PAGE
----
In an increasingly mobile world where the use of smartphones and tablets gains more ground than the use of the PC, users need to combine the convenience of the mobile devices with the usability offered by the PC. In this window of opportunity is making its way NexDock.
NexDock is the project of the same name startup that aims to make each mobile device a real laptop.
NexDock is a 14-inch monitor with bluetoot keyboard and touchpad, all integrated into a case of a normal laptop. This “shell” can be connected to any type of mobile device in order to obtain advantages from both.
You can get the best from NexDock connecting a Windows 10 Mobile smartphone or tablet. Taking the advantages of the Continuum function of the mobile SO you can have a real operating system on NexDock. If the connected device is an iPhone or an Android device, NexDock can be used as an auxiliary monitor to see our content or as a game controller. By connecting a Rasberry Pi as “heart” of NexDOck you can have a real laptop, while connecting a PC stick you will be able to exploit all the potential of it. NexDock can also be connected to a computer as an external monitor.
In detail, the NexDock HW specifications are:
- Dimensions & weight: 351 mm x 233 mm x 20 mm, 1490 g
- Display: 14.1 inch 1366 * 768 TN screen with 16: 9 display ratio
- Keyboard and Touchpad: Bluetooth 4.0 class
- Battery: Li-ion battery, 3.8V / 10000mAh
- HDMI port: mini HDMI
- Connectivity: 2x USB port, 1 x TF card slot, 1 x 3.5mm headphone port, built-in dual speakers (NexDock works as expansion dock when connected via USB)
- Power: 3.5mm DC 5V / 2.5A
But this is just the beginning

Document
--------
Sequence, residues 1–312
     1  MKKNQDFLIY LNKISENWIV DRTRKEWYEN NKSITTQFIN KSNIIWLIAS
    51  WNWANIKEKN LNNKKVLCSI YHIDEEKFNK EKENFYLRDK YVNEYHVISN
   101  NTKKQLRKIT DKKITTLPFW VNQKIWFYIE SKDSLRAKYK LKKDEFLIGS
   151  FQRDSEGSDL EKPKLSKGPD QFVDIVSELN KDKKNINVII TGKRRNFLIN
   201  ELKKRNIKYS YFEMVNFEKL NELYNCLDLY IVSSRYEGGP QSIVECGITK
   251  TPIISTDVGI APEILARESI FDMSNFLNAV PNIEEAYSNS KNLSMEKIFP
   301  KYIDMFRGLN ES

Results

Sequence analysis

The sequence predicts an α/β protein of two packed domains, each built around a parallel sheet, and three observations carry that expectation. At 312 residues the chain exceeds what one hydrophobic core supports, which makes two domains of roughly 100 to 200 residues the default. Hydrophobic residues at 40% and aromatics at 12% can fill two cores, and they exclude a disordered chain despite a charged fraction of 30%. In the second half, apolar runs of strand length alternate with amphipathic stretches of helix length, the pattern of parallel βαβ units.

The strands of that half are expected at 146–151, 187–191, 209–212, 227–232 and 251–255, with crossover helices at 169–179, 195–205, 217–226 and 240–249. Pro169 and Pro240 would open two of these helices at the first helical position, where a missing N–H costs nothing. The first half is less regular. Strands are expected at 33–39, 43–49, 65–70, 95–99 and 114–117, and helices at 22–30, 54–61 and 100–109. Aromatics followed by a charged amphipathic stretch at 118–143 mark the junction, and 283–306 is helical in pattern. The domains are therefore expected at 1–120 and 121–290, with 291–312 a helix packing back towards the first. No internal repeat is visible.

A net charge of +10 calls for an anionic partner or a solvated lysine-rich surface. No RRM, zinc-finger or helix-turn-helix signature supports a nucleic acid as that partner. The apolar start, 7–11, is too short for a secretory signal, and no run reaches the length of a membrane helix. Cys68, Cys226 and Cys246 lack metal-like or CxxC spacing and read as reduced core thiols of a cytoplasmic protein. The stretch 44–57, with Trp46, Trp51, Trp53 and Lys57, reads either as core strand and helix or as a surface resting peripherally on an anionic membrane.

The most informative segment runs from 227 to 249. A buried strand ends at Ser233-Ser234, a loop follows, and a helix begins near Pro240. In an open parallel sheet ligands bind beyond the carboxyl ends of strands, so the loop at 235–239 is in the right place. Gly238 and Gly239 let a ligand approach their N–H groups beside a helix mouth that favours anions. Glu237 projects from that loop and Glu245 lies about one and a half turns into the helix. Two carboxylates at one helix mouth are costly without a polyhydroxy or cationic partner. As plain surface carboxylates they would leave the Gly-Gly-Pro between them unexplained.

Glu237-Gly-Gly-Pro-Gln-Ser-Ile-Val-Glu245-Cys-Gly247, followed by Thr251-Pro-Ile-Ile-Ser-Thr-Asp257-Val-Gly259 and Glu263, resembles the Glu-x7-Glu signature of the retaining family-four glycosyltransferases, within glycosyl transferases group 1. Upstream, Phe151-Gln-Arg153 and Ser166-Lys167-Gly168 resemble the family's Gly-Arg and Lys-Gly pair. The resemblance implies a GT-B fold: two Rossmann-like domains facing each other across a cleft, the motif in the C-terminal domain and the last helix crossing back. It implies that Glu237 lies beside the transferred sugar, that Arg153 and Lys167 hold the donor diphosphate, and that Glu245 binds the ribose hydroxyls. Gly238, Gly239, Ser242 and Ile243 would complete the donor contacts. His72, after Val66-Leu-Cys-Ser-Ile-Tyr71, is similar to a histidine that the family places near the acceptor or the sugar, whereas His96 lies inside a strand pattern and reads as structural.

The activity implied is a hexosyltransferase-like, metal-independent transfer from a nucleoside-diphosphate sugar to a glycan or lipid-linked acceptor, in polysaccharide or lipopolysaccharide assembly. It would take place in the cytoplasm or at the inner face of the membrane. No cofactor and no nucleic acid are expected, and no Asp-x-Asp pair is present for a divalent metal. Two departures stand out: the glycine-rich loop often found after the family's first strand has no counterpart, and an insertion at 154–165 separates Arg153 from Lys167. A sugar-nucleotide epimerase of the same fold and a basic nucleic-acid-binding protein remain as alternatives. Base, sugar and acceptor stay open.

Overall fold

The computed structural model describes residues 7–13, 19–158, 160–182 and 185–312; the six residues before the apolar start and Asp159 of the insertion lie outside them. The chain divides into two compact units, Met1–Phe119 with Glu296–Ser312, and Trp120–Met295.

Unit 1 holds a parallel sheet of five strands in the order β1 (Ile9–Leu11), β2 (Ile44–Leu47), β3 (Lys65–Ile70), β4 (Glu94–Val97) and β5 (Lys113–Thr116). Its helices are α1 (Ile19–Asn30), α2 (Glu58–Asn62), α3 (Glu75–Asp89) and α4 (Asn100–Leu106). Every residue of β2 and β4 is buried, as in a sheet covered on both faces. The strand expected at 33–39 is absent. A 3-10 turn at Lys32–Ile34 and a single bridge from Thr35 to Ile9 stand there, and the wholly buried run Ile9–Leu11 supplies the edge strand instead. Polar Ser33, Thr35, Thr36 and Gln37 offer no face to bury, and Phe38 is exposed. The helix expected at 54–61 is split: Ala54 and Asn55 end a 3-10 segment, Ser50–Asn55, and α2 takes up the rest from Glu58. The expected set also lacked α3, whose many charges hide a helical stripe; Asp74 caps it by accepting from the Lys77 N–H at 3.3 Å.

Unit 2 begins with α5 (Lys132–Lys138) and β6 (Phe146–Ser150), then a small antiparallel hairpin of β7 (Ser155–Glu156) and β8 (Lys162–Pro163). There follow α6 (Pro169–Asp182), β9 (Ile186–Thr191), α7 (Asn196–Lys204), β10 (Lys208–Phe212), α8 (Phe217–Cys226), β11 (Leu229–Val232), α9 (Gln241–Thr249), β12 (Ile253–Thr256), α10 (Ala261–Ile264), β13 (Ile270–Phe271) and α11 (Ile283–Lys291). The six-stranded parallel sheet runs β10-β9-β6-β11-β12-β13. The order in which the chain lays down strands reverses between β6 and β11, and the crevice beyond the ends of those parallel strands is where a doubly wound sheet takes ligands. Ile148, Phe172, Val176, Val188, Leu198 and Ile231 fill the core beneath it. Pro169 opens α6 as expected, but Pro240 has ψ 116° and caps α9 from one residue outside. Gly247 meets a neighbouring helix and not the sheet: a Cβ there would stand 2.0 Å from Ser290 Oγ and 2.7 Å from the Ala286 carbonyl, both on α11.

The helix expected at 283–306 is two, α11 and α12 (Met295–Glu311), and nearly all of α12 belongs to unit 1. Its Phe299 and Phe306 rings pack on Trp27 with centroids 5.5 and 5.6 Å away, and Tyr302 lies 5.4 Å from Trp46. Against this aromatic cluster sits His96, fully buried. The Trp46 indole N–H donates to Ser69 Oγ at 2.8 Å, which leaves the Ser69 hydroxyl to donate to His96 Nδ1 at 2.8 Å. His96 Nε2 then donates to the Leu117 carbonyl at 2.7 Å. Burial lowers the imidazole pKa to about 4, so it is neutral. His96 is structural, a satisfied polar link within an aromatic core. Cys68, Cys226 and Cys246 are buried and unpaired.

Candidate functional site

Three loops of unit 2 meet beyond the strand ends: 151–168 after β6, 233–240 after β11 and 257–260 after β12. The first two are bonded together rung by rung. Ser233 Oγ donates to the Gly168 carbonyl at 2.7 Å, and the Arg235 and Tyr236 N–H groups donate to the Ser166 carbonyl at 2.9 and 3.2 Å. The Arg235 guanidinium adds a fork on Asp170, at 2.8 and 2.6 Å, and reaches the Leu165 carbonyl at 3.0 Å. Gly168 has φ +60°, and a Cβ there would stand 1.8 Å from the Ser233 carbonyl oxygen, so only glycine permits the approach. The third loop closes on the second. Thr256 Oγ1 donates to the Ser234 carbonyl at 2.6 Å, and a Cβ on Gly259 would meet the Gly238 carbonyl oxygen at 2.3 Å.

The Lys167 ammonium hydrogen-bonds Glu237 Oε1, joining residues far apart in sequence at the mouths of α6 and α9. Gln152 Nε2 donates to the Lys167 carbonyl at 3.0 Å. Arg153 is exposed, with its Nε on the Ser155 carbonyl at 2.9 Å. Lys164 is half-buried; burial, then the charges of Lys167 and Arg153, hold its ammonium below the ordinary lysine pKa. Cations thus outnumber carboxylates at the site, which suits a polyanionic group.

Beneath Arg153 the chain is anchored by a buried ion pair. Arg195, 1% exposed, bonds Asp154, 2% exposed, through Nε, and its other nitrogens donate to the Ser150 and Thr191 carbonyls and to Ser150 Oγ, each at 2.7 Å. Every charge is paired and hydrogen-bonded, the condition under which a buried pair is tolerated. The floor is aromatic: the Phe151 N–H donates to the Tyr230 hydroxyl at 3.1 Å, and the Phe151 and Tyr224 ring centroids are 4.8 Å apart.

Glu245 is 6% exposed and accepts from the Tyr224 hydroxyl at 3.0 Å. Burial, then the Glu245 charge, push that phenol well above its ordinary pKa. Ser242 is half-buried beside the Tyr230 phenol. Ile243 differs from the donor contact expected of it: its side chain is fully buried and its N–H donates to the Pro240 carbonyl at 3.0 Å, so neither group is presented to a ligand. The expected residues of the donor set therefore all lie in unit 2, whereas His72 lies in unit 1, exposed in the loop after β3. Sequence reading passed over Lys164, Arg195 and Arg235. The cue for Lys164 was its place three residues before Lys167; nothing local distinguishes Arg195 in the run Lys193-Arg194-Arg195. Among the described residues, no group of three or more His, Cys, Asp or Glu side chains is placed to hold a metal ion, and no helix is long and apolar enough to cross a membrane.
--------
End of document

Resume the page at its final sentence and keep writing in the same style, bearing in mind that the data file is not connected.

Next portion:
NexDock is only the first step in a much more ambitious project.
“By separating processor and operating system from the display, we hope to start a paradigm shift in consumer electronics, where computers can be adapted to match your exact needs, generating less electronic waste for the environment.”
To start the idea is to produce docks with screens of different sizes in order to be able to adapt to the needs of each user and allow the connection of devices via USB type-C.
But the most ambitious step is to produce a variety of modules, comparable to PC-sticks, with different processors and operating systems.
In this way you can have multiple operating systems on a single dock, switchable according to your needs. This will also allow users to take with them their own module to have their own computer available wherever there is a monitor.
NexDock is a project funded from the bottom through a fundraising campaign on indiegogo, which reached 121% of its target. The production of the first pieces is already in progress and we can only wait for the first reviews to see if it is “all that glitters is gold”.
The project seems ambitious and very interesting.